In the parallel up-is-down psycho-world of anarchist 'economics' one can find such gems as the assertion that free market capitalism is not the foremost reason for Hong Kong's rapid move from universal subsistence to near-universal affluence from 1950 to 2000, by which point the country was wealthier per-capita than the UK. 
The basis for this case is two-fold; the government of Hong Kong owns title to almost all of the land within its borders and the LegCo members have a lot of cosy relationships with folks in business. On the face of it these seem very practical points. They are certainly both true, but there's something missing here.
On the first point, government control of land is a key factor in the absurdly high house prices in Hong Kong. Linda Yueh wrote for the BBC in January 2014 that house prices in Hong Kong averaged 13-times Hong Kongers' annual incomes.  In a similar vein Yvonne Liu commented in January 2014 on the city-state being ranked the most unaffordable place to live four years in a row.  In both instances it was rents and mortgages that were the bugbear, not the cost of anything else.
The LegCo subsidises many housing projects throughout Hong Kong.  This should be driving prices down, right? So why, when it is considered unsanitary for median real estate prices to exceed the median income by more than 3 times, does real estate reach 13 times that income?
This makes housing the weakest industry in Hong Kong in terms of outcomes for HKers. Why? There is plenty of un-developed land and building upwards decreases cost per unit of housing when building towers. Perhaps, lo and behold, the state is a bad manager of land. Wouldn't that be a revelation!
On the second count I have to ask; what businessfolk? Why financiers and property developers, of course! Considering the fact that all fiat currencies - including the Hong Kong Dollar - are issued by government central banks and that people connected to those banks will be the first to get ahold of newly created digital deposits, and that they will almost invariably spend those funds on the acquisition of land rights (actually buying land outright is problematic in Hong Kong, and so correspondingly rare) then the usual cycle of price inflation seen in every wealthy country today will play out in Hong Kong as well. 
In fact price inflation versus unequal access to newly created money is one of only two reasons there's any poverty left in Hong Kong, the other three Asian Tigers, and all OECD members. The first part of this post probably made obvious that the other factor is regulation of construction.
Hong Kong is thought of by historians and economists as one of the 'four Asian Tigers' alongside Singapore, South Korea and Taiwan. On that note, Hong Kong today is one of few rich places where the USD GDP is rated higher at PPP than at nominal exchange rates, 52k vs. 34k per capita, respectively.  That's some serious juice. Somebody earning 40% of that level is taking home 20k per annum. That's hardly the breadline if, for the sake of argument, rent and utilities total 1k USD per month.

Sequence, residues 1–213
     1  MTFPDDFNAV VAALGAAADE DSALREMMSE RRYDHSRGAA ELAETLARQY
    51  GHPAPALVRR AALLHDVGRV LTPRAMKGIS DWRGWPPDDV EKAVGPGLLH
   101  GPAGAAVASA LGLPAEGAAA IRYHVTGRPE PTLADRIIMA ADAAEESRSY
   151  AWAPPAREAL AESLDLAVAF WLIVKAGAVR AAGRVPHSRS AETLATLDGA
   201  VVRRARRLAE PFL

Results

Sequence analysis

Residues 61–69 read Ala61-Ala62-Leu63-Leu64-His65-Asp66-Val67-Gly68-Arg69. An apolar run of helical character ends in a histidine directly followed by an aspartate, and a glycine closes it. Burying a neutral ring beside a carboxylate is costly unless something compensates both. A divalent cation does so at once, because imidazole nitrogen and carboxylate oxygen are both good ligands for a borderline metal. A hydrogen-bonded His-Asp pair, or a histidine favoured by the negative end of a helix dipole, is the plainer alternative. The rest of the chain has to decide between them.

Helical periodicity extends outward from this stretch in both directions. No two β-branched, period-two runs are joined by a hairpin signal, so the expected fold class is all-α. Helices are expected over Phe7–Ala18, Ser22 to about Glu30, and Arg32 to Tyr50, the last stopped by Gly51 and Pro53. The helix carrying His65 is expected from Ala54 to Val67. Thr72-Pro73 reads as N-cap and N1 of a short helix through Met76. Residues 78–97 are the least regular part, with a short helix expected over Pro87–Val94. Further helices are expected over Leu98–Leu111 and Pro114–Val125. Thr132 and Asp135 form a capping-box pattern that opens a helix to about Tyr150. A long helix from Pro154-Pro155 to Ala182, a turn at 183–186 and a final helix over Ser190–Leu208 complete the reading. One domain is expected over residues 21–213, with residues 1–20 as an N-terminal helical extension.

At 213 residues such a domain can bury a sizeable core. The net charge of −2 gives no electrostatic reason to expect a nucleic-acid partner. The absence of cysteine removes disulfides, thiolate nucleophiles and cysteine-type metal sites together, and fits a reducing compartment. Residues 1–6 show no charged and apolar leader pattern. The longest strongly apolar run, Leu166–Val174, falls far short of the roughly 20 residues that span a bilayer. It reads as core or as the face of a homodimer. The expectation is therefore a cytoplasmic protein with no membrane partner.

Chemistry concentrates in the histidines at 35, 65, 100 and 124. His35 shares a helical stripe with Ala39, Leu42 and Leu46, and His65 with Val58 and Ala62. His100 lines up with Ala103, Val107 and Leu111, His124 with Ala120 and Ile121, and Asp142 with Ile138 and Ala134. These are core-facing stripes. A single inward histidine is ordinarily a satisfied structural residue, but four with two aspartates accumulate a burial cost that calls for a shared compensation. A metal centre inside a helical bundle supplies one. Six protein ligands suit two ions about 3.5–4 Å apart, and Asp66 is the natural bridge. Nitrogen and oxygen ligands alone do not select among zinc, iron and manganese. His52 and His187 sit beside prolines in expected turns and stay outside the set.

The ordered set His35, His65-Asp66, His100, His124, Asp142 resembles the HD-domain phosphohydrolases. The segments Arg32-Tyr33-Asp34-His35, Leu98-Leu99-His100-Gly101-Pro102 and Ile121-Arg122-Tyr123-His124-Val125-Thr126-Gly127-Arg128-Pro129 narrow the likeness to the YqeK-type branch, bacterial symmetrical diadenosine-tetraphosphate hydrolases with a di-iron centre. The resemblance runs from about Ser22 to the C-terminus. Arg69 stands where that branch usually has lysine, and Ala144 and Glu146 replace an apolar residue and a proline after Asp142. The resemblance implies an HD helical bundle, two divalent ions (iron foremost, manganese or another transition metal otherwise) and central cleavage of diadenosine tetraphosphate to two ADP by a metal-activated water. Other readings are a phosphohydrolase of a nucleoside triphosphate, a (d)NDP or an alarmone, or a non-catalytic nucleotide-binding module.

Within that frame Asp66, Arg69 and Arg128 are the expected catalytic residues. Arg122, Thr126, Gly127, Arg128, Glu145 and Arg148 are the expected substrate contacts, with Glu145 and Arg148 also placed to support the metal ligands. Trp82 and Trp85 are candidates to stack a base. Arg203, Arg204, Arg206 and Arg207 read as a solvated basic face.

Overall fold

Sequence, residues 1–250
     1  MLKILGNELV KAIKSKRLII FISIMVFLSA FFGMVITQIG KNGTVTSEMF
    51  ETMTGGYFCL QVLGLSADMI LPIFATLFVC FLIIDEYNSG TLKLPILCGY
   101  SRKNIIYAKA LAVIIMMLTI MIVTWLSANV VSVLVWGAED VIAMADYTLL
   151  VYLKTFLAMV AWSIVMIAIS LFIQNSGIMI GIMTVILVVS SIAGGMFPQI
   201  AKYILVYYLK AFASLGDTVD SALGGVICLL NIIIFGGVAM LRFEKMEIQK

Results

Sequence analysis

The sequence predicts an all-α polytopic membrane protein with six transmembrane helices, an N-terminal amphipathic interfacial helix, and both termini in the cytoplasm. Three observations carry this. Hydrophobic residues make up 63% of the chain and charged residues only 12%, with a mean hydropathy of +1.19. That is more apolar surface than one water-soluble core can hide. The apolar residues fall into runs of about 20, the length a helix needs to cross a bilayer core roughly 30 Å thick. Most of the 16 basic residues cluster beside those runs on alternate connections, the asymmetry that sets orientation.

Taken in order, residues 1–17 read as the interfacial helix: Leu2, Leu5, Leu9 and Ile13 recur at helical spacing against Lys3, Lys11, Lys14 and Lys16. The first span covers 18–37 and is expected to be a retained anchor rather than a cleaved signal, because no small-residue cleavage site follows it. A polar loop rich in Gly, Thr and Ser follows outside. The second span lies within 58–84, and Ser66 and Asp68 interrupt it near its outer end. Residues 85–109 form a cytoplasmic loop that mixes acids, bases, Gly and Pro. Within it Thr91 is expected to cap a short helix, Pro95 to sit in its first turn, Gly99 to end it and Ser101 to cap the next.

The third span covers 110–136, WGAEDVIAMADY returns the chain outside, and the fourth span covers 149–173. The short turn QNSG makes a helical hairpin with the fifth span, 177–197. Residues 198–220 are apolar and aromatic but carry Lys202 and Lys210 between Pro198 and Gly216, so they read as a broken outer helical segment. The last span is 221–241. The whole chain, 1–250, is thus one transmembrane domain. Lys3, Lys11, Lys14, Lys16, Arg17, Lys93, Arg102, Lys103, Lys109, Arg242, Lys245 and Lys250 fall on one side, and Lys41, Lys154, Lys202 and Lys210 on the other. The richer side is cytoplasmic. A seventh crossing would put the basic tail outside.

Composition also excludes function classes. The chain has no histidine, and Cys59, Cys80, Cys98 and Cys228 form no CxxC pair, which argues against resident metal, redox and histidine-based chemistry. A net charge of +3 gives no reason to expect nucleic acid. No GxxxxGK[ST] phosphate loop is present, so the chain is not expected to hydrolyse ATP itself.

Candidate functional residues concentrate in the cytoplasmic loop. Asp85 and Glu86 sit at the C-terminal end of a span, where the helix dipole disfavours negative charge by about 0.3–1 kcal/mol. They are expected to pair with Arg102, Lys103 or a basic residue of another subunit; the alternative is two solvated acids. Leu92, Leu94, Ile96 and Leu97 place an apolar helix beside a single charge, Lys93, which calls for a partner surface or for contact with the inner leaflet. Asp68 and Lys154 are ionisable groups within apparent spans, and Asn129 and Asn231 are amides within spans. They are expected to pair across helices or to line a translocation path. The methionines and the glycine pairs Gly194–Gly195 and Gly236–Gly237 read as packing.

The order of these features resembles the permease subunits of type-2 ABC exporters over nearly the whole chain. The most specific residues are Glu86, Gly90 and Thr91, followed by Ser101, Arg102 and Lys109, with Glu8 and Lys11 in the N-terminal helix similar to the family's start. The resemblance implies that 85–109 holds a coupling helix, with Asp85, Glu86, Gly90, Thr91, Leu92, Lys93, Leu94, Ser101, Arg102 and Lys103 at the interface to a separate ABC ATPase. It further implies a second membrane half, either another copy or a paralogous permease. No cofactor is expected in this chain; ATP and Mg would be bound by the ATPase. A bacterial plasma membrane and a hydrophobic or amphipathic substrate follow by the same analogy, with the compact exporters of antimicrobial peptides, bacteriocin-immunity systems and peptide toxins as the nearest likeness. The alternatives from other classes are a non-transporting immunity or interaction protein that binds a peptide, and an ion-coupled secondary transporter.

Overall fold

Also we have a load of controls in this experiment, namely the Soviet Union, Cuba, Laos, North Korea, those impoverished nations that prevented entrepreneurial capitalism from arising on a large scale like pretty much all of Sub-Saharan Africa, mainland China, and India before the 90's. And what do they have to show for it? Well, nothing but piles of bodies, really.
The Economist publishes a delightful little ditty called the Crony Capitalism Index.  I was introduced, or reintroduced, I forget which, by a Reddit user who took me to task for suggesting that Hong Kong and Singapore are pretty much the most economically free places in the world.  I looked around for info on the matter and responded with the text in quotes below.
QED.... they are the only countries in the top ten of both lists.China = 10 trillion | HK = 300 billion | 10trn/300bn = 33.3rSo China's economy is equivalent to 33 HK's. Singapore's GDP is a little bit bigger of late than Hong Kong's. Both are home to considerably fewer people than London. So the Economist table is effectively including two cities in a list of countries.Oh, and I just realised that their criteria are literally anybody who makes a lot of money in any of a certain set of industries because cronyism in those industries is more likely... so it's not even measuring demonstrated cronyism, just proximity to the possibility of it.It certainly must happen. They didn't choose that set of industries for nothing. I acknowledge that, but...I also wonder how many of the cronies are in real-estate - the one state-dominated commercial industry in HK. And in answer HK boasts 18 real-estate tycoons compared to 29 in the whole US.
 Anarchist FAQ at Anarchist Writers - Section C.12
 BBC News article by Linda Yueh entitled What Makes a Global Property Hotspot?
 Hong Kong ranks world's no. 1 for 'most unaffordable' housing in South China Morning Post
 Wikipedia article entitled Housing in Hong Kong
 Wikipedia article entitled Public housing in Hong Kong
 " " - Hong Kong GDP per capita (nominal)
 " " - Hong Kong GDP per capita (purchasing power parity)
 The Economist article entitled Planet Plutocrat
 Reddit thread